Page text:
As word of the violence in Spirit Lake and Springfield spread, plans to rescue the captive women began to take shape within the Minnesota government with Sioux Indian Agent Charles Flandrau. Meanwhile though, Abbie Gardner and the other captives focused on how to stay alive in a culture they did not know and were fearful of.
The First Days
When Mrs. Noble and Mrs. Thatcher were taken captive on March 9, a day after Abbie, and she was taken to them. They were able to talk about their experiences but soon were separated, their hair braided and their faces painted. They were also given moccasins to wear, because Abbie remembered the Native Americans didn’t want rescuers to spot the captives’ shoeprints.
On March 10, the band cross West Lake Okoboji, and Abbie was told to drive a team of horses, which she said was the last time she wallowed to ride instead of walk. She was also given a pack to carry, which she estimated at 70 pounds, and struggled to get through the deep snow without the snowshoes that the American Indians wore.
Inside the pack, Abbie carried: Eight bars of lead, one pint of lead balls, one teepee cover, one blanket, one bed comforter, one iron bar of unknown use, one gun and a four-foot piece of wood that helped stabilize the pack.
The Death of Mrs. Thatcher
Mrs. Thatcher’s three-week-old daughter, Dora, had died during the Spirit Lake violence, and the woman was injured and ill from the beginning of her captivity.
After six weeks with the band, the snow began to melt. The group was crossing a bridge of sticks and logs over the Big Sioux River near Flandreau, SD, when Mrs. Thatcher was pushed into the churning water. She fought against the current as clubs were thrown at her and poles were used to push her under the wake.
She floated down the river and was finally shot in the water at the next bridge crossing.
Her 19-year-old husband had survived the massacre, because he had been away, getting supplies.
Mrs. Marble’s Rescue
On May 6, about 30 miles west of the Big Sioux River, two Native Americans named Makpeyakahoton and Sehahota visited Inkpaduta’s band and offered to purchase Abbie. They were told she was not for sale but were allowed to purchase Mrs. Marble.
Indian agent Charles Flandrau wrote, “By the action of these young men, we not only got one of the captives, but we learned for the first time definitely, the whereabouts of the marauders, and the assurance that the other women were still alive.”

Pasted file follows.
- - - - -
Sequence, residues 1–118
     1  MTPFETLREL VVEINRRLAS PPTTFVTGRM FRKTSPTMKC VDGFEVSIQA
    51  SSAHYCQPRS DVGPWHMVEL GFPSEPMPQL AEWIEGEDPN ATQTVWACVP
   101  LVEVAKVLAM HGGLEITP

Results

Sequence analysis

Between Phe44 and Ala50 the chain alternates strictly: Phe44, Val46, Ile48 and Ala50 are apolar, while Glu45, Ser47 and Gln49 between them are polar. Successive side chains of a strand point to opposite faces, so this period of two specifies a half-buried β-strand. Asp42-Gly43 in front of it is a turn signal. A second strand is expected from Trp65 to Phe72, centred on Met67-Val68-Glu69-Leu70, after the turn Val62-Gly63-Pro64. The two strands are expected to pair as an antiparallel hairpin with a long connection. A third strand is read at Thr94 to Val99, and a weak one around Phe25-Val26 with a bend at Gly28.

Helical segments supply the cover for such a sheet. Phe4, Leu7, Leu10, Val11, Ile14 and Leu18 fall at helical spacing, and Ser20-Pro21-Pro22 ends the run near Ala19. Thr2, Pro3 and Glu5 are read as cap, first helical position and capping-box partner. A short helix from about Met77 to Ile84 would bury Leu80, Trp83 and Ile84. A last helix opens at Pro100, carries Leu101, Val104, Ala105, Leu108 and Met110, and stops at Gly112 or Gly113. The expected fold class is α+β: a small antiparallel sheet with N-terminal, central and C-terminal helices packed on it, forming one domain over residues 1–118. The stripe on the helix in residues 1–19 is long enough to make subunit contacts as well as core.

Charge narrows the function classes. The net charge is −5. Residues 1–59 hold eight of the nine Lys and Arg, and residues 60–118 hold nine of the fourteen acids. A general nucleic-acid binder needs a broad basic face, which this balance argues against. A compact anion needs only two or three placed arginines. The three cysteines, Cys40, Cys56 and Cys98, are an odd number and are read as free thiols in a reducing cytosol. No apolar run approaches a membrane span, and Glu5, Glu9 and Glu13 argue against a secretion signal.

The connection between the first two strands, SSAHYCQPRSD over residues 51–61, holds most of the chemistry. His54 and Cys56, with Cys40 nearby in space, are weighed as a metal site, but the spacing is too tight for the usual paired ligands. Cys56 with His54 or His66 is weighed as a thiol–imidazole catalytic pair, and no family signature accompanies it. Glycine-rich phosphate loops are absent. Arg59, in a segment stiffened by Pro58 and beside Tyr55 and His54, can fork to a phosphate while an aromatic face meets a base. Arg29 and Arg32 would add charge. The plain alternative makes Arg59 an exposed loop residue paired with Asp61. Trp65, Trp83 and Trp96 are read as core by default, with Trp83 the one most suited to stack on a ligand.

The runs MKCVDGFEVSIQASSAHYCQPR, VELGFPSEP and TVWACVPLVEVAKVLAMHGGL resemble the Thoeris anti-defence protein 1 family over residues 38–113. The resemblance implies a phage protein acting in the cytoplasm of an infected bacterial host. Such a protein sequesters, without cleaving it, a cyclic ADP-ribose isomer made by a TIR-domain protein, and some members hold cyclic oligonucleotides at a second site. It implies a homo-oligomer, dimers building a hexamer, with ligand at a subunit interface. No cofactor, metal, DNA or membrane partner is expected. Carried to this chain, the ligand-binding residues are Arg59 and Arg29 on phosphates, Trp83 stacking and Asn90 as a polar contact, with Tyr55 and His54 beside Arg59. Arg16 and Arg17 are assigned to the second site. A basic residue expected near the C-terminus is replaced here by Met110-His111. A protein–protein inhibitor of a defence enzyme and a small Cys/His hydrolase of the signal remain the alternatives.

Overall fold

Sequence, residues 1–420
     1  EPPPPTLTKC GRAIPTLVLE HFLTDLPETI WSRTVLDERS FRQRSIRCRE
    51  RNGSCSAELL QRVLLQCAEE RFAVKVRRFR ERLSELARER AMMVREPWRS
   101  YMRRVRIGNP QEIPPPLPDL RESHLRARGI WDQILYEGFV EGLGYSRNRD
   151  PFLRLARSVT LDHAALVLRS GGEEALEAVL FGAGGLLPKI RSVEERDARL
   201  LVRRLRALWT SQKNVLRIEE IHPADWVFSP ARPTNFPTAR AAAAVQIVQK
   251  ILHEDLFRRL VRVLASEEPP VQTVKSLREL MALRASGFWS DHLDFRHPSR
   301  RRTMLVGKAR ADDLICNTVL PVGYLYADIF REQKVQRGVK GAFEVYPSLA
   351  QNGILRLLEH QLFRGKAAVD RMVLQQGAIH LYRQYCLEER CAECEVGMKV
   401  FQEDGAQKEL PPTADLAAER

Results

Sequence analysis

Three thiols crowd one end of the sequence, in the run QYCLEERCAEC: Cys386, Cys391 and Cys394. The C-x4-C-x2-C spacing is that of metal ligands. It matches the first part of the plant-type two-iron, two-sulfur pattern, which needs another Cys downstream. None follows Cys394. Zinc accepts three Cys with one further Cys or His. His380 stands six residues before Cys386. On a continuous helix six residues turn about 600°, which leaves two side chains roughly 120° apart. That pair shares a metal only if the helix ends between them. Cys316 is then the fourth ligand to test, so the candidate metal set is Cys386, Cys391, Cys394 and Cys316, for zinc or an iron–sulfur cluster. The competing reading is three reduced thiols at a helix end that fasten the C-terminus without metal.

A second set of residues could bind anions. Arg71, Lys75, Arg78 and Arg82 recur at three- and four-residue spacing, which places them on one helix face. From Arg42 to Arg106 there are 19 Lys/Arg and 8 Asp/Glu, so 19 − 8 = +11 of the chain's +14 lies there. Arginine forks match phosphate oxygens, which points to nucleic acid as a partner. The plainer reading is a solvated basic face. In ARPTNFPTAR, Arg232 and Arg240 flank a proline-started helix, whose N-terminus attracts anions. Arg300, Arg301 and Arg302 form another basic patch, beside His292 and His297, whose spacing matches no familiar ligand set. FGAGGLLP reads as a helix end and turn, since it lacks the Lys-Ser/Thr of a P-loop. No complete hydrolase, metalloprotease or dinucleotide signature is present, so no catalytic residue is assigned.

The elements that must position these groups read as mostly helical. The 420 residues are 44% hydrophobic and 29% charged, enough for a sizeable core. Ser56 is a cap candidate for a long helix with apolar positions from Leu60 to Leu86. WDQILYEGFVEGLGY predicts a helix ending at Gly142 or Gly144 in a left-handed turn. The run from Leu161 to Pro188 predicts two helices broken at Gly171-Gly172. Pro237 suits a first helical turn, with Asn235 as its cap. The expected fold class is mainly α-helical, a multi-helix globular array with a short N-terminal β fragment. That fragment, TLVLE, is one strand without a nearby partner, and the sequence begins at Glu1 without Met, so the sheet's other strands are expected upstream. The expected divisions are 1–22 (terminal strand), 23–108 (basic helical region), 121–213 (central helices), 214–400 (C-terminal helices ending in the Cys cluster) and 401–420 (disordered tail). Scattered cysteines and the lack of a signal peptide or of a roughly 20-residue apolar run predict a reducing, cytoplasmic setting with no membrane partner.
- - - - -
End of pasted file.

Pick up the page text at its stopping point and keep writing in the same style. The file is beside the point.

Mrs. Marble was brought to Yellow Medicine Reservation where the two Native Americans turned her over to one of their parents, and she was treated like a daughter, she wrote in a later letter to Abbie.
The two rescuers were paid $1,000 by the state of Minnesota for aiding in Mrs. Marble’s return, and she accompanied Major Flandrau to St. Paul, MN.
Another Death, Another Rescue
One month after Mrs. Marble’s rescue, Abbie and Mrs. Noble were sold to another Native American named Wanduskaihanke, however, they continued to travel with Inkpaduta’s band with their new owner.
One day, Mrs. Noble — who had lost hope after her cousin-by-marriage and friend Mrs. Thatcher had died — was ordered to come out of the teepee she was in, but she refused. She was dragged out by Inkpaduta’s son Roaring Cloud and was beaten to death.
It wasn’t long after this tragedy that the band had reached a Sioux gathering with 190 Sioux lodges, many of whom hadn’t seen a caucasian before and commented on Abbie’s light hair and blue eyes.
Three Sioux men dressed in settler-type clothing came into the camp and purchased Abbie and left the camp with her. They had paid her owner with two horses, 12 blankets, two kegs of powder, 20 pounds of tobacco, 32 yards of blue cloth, 37.5 yards of calico and ribbon and other small articles.
She was not sure what was happening and was terrified of living with more Native Americans, until they reached a man who could speak English and she learned the three men who purchased her were rescuing her.
“All my fears from them had been groundless, as they were really my friends. How often it is thus in life, we do not know our friends from our enemies,” she wrote in “History of the Spirit Lake Massacre.”
By June 22, Abbie and her rescuers made it to St. Paul, and the next day she was brought to the governor. She learned her three rescuers had been tracking Inkpaduta’s band since spring, had found Mrs. Noble’s body and buried her and then had been able to rescue Abbie.
When Abbie met the governor, she received a high honor from a member of the Yankton tribe that rescued her.
She was seated on a stool and a feathered war cap was placed on her head. Each of the 36 feathers in the cap represented lives that the Yankton chief had taken, but he parted with the cap to honor her for her bravery in captivity. She was also told that while she possessed the cap she would be under the protection of all Dakota Indians.
However, the war cap was lost in a house fire in 1859. A painting of it is on display at the Abbie Gardner Cabin & Museum.